The Shallows Chapter 10 Supplementary Content


The ELIZA program, try out a conversation with it and see how it works!

From The Shallows:

 “[…] what shocked [Weizenbaum] was how quickly and deeply people using the software ‘become emotionally involved with the computer,’ talking to it as if it were an actual person.” (p.204-205)

This is known as the ELIZA Effect:

“[U]sers perceive computer systems as having “intrinsic qualities and abilities which the software controlling the (output) cannot possibly achieve”

From The Shallows:

[…] when people aren’t being bombarded by external stimuli, their brains can, in effect, relax. They no longer have to tax their working memories by processing a stream of bottom-up distractions.

This study, “Individual differences in employee reactions to open-plan offices” partially confirmed that performance is reduced for employees with complex tasks and distractions, in open offices. Do you think this will change how you consider your own workspace after graduating?


The above image demonstrates the game used in Van Nimwegen’s study “The paradox of the guided user: assistance can be counter-effective”. The top game image indicated whether an action was possible by greying out buttons, while the lower game image gave no indication to whether an action was possible or not.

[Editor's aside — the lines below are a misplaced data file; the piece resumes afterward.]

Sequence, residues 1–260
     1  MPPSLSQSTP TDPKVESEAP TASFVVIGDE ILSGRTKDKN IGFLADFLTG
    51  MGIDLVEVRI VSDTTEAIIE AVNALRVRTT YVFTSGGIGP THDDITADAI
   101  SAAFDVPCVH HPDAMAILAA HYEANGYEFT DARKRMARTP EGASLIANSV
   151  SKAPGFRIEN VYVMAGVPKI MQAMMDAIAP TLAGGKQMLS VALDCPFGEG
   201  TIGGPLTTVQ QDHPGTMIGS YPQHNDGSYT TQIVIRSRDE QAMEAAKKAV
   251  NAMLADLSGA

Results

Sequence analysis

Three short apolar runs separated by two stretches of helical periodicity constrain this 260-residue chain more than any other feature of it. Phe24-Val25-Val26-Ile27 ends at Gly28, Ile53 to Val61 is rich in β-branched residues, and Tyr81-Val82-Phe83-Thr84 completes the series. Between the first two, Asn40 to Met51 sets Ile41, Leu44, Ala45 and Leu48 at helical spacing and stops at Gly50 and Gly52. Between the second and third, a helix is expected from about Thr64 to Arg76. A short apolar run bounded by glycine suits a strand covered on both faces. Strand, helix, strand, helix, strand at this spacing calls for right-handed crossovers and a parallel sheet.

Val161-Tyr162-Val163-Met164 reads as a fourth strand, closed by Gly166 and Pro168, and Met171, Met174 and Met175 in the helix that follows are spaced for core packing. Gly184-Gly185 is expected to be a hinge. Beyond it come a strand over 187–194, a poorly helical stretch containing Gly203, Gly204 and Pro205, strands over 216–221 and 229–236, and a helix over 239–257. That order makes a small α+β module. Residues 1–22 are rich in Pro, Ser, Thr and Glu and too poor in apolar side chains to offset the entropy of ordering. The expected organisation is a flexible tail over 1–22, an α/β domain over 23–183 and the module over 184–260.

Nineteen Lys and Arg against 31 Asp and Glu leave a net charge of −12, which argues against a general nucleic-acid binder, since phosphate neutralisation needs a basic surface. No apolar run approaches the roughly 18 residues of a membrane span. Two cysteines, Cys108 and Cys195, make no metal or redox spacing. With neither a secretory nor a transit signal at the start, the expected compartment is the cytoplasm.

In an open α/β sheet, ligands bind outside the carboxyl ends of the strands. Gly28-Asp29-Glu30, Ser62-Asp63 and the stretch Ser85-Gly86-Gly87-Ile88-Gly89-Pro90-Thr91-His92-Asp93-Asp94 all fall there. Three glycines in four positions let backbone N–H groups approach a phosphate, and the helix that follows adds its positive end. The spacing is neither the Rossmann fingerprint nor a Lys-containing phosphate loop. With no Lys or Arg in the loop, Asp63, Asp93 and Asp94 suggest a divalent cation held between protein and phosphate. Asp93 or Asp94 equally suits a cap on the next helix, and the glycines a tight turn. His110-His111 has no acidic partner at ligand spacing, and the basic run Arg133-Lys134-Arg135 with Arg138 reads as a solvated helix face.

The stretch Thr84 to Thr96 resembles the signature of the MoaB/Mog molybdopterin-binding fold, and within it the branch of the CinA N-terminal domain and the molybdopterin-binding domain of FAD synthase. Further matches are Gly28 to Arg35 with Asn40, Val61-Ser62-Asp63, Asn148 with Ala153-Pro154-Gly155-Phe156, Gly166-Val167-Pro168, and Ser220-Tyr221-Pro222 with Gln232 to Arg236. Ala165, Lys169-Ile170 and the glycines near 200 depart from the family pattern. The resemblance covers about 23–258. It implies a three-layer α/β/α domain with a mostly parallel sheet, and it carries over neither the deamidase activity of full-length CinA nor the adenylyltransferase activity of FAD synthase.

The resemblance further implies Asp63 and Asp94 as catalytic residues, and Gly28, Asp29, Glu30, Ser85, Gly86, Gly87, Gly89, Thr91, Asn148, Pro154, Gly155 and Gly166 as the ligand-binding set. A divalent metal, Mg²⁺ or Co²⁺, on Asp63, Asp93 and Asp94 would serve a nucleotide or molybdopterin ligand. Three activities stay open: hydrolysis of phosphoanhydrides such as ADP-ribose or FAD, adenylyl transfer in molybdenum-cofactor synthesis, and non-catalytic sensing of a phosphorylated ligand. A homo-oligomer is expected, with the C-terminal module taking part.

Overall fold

The puzzle involved transferring colored balls between two boxes, and followed the rules of the river crossing problem: “Missionaries and cannibals problem”

What does the Oculus Rift do to your brain? An interesting video to see what kind of effect virtual reality has on your brain!

From The Shallows:

“There is no Sleepy Hollow on the Internet, no peaceful spot where contemplative ness can work it’s restorative magic.” (p.220)

Sleepy Hollow refers to the place in “The Legend of Sleepy Hollow” where the community is haunted by ghost and the Headless Horseman.

Full text:

Nicholas Carr’s Website:

You can share your thoughts about “The Shallows” and how it has changed your idea or usage on the internet. In the afterwards of the paperback edition the author has already received:

“[…] large number of notes that come from young people – high schoolers, college kids, twentysomethings.” (p.226)

So don’t refrain from writing to him!

Nicholas Carr’s Blog:

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